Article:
Commentary: An Alum of Le Chateau Reflects On the Passing of A Rowdy Berkeley Co-Op By PATRICIA JOHNSONPacific News Service
We got lice. We got staph. We were temporarily brainwashed by an amateur cult leader. We paid our own way, took semesters off to travel and took in homeless veterans. We learned that, sadly, sometimes things do need to get worse before they get better.
With the closing of Le Chateau Residence Club, a student co-op on the south side of the UC Berkeley campus, I can’t help but feel fewer and fewer institutions remain for idealist college students. It was at Le Chateau where my cohorts and I got early tra ining in tempering our idealism—an important step away from quashing it. We learned that consensus doesn’t really work. But neither does anything else if you don’t try.
The current neighbors, who successfully sued the co-op for damages resulting from noise, garbage and disruptive behavior and forced its closure, don’t want to know that the shaping of community leaders and good neighbors has been happening right under their noses.
In the early 1990s, when I lived in the three-house complex on Berkeley’s Hillegass Avenue, we weren’t shameless hippies and slackers—we were working it out. In a culture where middle-class, college-aged youth are expected to move far from home and achieve great things, self-sufficiency is top dollar. We were not ready to succumb to a decade of segregated apartment living, but neither could we get comfy in the ennui of towering dormitories.
We chose, instead, a living arrangement based on the principles of cooperation established by a group of weavers in Rochdale, England, in 1844. Those same principles have been adopted by thousands of residential, food and industry co-ops across the world.
We were drama geeks, bicycle activists, former Marine doctors, Vietnamese boat children and The Naked Guy. Today, we are midwives, t eachers, musicians, therapists and candidates in local elections. We work in affordable housing, pursue Ph.D.s in literature and film. We compost our garbage and drive biodiesel-fueled cars. We did work it out.
I remember a morning when The Naked Guy qu ietly walked into the dining room and delicately put a small towel down on his chair before joining me for breakfast and a section of the newspaper.
I remember how clean the house would be right before a big party—as everyone (well, almost everyone) chipped in to create the zone.
I also remember the summer one resident adopted a runt pig named Bella that roamed the main house second floor. In a moment of poor judgment, the resident fed her magic mushrooms. Bella stumbled, snorting and scared, past my room, tripping out on the graffiti-covered walls that will be painted over this summer.
Talking to current residents on a recent Saturday night, along with 25 or so alumni who joined together to watch the Last Chateau Sunset from the rooftop patio, I tr ied to find out what went wrong. “Was there really a meth lab in the basement?” I asked. Instead of confirming my worst fears—that the current generation was somehow louder, dirtier and less cooperative than us—these 20-somethings sounded a lot like me. T hey spoke passionately about the impact Le Chateau had on their worldview and their aspirations. They articulated clearly the Bay Area’s housing price crisis, conflicts between the co-op and its parent University Students Co-operative Association, and the ir own commitment to the house despite its problems.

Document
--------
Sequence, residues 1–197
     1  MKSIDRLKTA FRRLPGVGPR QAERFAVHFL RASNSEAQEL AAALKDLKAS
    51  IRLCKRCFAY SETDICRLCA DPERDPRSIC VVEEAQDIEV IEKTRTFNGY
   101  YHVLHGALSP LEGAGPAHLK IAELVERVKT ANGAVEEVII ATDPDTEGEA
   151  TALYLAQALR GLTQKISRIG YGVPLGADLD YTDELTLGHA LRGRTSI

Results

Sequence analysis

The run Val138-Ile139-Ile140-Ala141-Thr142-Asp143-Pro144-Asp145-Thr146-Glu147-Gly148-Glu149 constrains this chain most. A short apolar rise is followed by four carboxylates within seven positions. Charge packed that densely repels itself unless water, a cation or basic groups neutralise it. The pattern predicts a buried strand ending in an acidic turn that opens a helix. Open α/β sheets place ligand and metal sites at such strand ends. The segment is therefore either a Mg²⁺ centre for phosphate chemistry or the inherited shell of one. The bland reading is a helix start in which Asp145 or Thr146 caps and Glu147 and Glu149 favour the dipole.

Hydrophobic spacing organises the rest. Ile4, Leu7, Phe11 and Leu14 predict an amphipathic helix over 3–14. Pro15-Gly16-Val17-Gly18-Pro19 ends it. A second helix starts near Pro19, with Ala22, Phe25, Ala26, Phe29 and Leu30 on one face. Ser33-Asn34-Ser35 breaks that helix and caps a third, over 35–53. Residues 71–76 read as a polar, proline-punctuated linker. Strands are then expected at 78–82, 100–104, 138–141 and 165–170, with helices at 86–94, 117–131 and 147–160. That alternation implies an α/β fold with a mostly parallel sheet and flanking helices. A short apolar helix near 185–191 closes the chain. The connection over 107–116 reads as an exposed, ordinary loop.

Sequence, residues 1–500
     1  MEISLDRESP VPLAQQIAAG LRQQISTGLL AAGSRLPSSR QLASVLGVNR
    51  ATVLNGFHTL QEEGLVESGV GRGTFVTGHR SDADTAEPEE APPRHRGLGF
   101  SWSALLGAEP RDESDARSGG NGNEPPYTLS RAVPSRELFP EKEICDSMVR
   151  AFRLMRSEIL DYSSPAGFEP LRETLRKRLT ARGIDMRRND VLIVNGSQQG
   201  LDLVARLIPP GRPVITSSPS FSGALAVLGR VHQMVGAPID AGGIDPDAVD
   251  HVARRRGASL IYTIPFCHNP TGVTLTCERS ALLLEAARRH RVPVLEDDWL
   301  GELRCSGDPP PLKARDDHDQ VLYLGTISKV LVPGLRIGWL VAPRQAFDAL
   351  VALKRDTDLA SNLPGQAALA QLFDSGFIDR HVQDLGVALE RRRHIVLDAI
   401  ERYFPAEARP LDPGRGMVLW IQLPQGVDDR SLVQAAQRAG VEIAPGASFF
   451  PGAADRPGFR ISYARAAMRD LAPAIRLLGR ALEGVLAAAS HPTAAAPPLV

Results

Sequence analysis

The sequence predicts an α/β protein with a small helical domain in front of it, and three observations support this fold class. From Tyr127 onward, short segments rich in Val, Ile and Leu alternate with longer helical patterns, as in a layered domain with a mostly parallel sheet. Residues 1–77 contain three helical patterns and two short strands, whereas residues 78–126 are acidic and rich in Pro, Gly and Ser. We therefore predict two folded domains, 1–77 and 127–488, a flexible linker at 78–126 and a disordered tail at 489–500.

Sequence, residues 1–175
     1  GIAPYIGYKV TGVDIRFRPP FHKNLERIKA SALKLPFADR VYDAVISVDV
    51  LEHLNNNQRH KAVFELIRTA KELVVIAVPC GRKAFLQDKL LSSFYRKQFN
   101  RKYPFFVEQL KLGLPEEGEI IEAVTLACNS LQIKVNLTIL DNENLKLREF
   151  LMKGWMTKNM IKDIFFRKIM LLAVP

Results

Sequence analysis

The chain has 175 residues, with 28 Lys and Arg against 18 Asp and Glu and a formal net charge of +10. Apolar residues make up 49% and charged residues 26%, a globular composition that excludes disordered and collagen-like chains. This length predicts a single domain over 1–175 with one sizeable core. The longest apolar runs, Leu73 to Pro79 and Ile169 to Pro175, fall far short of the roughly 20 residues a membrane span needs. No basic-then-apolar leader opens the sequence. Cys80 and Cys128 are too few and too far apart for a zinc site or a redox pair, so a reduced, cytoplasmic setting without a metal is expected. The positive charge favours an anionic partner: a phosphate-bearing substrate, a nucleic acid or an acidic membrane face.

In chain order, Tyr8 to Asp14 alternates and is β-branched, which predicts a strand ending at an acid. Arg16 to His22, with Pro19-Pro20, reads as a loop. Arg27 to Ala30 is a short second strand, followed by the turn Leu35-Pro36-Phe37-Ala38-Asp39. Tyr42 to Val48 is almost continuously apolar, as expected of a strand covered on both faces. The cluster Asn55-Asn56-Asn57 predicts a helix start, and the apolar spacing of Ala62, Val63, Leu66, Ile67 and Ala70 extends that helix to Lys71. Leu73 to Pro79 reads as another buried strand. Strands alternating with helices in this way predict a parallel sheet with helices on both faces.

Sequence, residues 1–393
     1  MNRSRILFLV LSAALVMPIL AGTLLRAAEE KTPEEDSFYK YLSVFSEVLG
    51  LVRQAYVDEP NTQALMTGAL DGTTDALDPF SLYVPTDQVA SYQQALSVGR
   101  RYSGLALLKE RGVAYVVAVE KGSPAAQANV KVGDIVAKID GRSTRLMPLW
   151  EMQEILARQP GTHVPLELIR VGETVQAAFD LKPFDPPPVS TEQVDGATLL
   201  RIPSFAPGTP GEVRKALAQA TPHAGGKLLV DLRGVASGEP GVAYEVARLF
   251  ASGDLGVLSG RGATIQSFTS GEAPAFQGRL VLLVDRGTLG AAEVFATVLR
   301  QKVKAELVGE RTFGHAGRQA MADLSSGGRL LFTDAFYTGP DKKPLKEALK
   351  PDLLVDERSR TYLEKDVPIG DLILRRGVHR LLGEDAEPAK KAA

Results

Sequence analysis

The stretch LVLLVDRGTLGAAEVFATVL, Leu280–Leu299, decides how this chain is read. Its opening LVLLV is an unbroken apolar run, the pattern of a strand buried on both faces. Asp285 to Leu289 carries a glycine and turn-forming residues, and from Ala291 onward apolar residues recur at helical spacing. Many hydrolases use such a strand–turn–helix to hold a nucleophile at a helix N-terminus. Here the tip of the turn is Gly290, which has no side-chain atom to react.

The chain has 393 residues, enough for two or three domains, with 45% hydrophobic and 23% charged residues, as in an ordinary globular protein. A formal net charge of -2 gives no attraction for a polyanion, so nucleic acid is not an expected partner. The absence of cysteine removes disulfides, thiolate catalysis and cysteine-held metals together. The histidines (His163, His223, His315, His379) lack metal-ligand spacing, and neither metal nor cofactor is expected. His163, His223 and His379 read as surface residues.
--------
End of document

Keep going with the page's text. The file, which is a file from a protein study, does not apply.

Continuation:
The noise and detritus that emanate from Le Chateau’s grounds hide the important work going on among and between and inside its residents. As one fellow alum on the rooftop said, “It was at Chateau th at I learned to get along with people I can’t stand.” If only the neighbors had learned that lesson when they were in college.
Watching the light fade from the same roof where we had watched fires devastate the Oakland Hills in 1992, I was reminded of s ome important Chateau vocabulary. After a long, unsuccessful attempt to negotiate installation of a backyard hot tub, “Let’s hot tub it” became synonymous with postponing a difficult issue to a later meeting. I guess the house hot-tubbed one issue too man y with the neighbors.
Still, I wonder what these homeowners expected when they bought property next to a student housing complex, four blocks from a public university and political hotbed People’s Park. Quiet neighbors? Next-door role models and reliabl e babysitters for their growing children? Surely they knew they were buying homes already discounted for location. Do they now get to change the neighborhood to increase their financial return?
The answer seems to be yes—and Chateauvians suddenly know what gentrification feels like.
The USCA has 17 co-ops still standing in Berkeley. The University of Michigan has an extensive co-op system, and in New Haven, Conn., a small, independent co-op on Elm Street is named proudly after the Rochdale principles. I hope these institutions and their peers can escape the fate of sky-rocketing property values and encroaching yuppie neighbors eager to live in hip college commercial districts with cafes and used bookstores.
At Le Chateau we prided ourselves on feeling like we were on the cutting edge of something new. As the house’s doors are closed to undergraduates, scrubbed and re-opened for studious graduate students under a less majestic name, this time I hope we’re not.
Patricia Johnson lived in Le Chateau Residence Club from 1993 to 1995.i›